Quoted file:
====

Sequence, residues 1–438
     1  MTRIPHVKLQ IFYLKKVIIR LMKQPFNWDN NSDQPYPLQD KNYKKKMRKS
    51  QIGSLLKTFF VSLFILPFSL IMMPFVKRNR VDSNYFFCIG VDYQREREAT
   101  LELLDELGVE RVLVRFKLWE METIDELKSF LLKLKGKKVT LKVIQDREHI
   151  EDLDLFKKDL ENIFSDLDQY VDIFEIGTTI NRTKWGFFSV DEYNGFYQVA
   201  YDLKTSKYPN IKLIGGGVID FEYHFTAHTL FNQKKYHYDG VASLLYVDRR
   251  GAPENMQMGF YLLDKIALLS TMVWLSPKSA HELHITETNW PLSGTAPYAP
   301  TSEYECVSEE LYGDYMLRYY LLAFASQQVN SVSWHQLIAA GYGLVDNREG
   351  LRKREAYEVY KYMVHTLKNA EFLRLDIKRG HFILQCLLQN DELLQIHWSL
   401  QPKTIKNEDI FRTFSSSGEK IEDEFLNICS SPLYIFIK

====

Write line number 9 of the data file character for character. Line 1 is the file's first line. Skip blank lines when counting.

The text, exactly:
   351  LRKREAYEVY KYMVHTLKNA EFLRLDIKRG HFILQCLLQN DELLQIHWSL